What’s Written on our Hearts?
Our passage tells us that the new covenant will not be like the former one. God writes the New Covenant on our hearts. Why written on our hearts, not in our hearts? Part of the rabbinic tradition says that God can only write it on our hearts when our hearts are broken when we experience pain, sadness, and heartache. Our hearts break open, and the words fall in. I can say the moments of pain and defeat in my life have lead to this. It arouses a more profound sense of empathy for the plight of others who struggle.
In the new covenant, everyone will do what’s right because it will be written on their hearts. It implies a new kind of relationship between God and humans.
Become Virtuous Rather than a Mere Rule-follower
Morality is not just about making sure you follow the rules but also about becoming a virtuous lifestyle. For example, It’s not that you tell the truth because there is a rule. You seek to become an honest person because you know in your heart that is what is right. It’s not that you don’t take something that doesn’t belong to you because you worry about what will happen if you get caught. You don’t take it because you are the kind of person who respects other people and seeks to have integrity. You can usually look inward to find the best path. You will be transformed into a virtuous person.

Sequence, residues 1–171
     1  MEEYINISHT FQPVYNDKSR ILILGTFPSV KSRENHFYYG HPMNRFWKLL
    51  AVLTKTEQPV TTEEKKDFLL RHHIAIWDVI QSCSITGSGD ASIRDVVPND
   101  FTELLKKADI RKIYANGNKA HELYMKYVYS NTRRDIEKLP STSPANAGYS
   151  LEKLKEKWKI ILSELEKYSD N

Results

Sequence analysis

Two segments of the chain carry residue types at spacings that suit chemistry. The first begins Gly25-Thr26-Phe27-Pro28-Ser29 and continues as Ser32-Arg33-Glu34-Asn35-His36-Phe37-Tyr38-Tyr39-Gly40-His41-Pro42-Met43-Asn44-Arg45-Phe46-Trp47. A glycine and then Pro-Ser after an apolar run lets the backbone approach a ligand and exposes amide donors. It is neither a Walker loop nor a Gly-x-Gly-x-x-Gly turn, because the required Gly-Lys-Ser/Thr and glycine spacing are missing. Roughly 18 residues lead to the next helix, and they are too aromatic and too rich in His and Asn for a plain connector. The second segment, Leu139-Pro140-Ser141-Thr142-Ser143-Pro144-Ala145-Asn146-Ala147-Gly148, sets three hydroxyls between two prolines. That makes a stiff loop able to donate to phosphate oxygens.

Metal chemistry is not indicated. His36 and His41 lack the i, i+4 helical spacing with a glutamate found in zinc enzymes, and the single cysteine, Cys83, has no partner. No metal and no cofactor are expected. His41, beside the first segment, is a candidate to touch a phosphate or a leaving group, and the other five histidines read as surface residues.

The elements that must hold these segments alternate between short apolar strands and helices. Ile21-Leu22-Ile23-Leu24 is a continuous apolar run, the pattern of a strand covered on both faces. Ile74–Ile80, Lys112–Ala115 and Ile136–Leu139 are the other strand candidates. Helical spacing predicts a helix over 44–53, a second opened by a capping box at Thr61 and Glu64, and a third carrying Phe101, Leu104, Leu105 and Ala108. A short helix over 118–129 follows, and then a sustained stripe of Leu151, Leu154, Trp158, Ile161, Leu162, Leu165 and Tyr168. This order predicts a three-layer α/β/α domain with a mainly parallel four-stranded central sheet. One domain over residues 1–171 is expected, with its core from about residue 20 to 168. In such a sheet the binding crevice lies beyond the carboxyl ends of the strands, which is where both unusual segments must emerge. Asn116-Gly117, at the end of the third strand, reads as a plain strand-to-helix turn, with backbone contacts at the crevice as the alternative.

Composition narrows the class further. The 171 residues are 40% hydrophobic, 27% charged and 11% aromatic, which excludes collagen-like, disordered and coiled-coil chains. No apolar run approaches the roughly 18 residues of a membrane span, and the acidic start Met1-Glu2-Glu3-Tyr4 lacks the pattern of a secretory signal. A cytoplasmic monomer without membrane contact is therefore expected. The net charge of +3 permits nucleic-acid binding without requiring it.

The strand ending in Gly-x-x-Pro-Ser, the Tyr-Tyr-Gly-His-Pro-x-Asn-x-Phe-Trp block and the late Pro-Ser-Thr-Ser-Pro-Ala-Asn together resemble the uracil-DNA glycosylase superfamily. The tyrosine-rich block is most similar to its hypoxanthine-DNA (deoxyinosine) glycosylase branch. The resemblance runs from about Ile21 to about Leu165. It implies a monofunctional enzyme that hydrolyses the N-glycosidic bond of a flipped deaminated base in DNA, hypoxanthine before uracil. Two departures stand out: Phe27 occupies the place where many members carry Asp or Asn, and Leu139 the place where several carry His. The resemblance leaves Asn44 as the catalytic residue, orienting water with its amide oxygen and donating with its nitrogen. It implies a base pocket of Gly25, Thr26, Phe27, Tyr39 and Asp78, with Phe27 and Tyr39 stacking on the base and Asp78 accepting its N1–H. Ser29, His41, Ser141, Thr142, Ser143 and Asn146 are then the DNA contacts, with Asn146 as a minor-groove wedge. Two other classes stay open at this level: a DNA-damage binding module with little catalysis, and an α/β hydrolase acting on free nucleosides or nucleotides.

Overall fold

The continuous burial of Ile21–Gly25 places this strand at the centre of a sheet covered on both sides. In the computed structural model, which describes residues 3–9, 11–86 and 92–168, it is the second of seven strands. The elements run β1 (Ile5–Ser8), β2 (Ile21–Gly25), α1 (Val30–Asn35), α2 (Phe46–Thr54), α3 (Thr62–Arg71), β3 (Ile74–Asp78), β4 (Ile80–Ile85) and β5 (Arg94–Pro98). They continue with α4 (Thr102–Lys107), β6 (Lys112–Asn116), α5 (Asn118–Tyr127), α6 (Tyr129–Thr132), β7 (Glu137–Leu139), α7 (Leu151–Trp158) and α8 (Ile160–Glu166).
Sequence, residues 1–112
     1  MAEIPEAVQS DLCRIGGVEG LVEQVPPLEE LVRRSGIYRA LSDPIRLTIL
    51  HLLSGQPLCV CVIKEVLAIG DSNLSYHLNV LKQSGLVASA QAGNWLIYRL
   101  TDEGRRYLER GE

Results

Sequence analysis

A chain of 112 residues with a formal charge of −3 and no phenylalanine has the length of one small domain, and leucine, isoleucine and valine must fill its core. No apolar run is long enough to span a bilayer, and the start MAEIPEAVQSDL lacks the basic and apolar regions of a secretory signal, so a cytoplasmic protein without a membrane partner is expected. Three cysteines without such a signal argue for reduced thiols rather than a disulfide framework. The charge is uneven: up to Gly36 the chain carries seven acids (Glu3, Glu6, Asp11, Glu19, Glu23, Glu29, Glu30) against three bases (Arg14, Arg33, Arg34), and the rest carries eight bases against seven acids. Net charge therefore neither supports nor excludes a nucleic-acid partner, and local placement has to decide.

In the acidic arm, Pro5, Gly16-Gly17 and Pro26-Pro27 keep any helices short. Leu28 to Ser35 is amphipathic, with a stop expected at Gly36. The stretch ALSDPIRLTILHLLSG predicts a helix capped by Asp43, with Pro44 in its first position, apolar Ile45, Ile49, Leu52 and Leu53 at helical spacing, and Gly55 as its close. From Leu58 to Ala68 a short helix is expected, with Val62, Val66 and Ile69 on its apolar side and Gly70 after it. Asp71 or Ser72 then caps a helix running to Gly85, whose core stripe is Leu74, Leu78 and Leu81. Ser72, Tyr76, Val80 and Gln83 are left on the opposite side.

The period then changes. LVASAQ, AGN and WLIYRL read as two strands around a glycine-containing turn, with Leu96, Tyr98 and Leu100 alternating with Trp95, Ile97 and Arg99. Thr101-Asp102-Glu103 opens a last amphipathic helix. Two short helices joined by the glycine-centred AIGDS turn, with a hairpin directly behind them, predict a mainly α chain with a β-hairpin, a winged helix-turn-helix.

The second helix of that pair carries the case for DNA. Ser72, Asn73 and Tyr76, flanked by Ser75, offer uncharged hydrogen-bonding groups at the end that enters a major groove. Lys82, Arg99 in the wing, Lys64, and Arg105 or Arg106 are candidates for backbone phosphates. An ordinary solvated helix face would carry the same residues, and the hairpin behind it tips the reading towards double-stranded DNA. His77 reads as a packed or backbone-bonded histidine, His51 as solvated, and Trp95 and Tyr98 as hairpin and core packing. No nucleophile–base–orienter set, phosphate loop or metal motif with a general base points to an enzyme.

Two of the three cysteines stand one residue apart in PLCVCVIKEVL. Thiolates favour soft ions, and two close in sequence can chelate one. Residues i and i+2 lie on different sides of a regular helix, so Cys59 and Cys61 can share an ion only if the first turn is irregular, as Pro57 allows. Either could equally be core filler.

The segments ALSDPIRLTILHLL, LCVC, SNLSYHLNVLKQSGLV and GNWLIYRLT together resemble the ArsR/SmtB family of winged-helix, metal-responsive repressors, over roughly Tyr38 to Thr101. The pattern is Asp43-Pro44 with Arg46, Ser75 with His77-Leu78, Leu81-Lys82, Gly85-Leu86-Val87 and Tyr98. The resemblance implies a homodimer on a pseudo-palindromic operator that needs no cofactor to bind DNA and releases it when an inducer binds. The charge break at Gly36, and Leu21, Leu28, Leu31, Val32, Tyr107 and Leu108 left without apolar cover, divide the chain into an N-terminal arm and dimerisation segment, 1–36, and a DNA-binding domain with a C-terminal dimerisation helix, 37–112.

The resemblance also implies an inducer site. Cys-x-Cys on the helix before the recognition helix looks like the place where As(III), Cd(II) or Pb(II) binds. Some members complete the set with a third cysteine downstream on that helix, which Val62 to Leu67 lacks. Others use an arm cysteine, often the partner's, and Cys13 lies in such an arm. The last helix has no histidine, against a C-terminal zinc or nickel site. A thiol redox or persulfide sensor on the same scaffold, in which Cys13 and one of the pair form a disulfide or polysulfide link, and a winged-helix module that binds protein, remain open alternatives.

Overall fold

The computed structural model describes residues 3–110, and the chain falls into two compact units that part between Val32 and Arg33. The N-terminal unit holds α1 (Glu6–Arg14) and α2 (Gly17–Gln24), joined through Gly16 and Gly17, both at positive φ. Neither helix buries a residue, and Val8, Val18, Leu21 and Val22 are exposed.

Tattoos on the Heart
I’m reminded of Father Gregory Boyle’s who talks about the covenant written on our hearts in his book, “Tattoos on the Heart.” For years, he has ministered to some of L.A.’s most hardened gang members. It is a book about what is written on our hearts–and what happens when that message changes. He tells Cesar’s story, a young man Boyle knew as a child who grew up and joined a gang. After serving a four-year prison sentence, he called Boyle because he needed some clothes. The story talks about their day of shopping. At three o’clock in the morning, Cesar calls Boyle with a sense of urgency in his voice. Here is the conversation: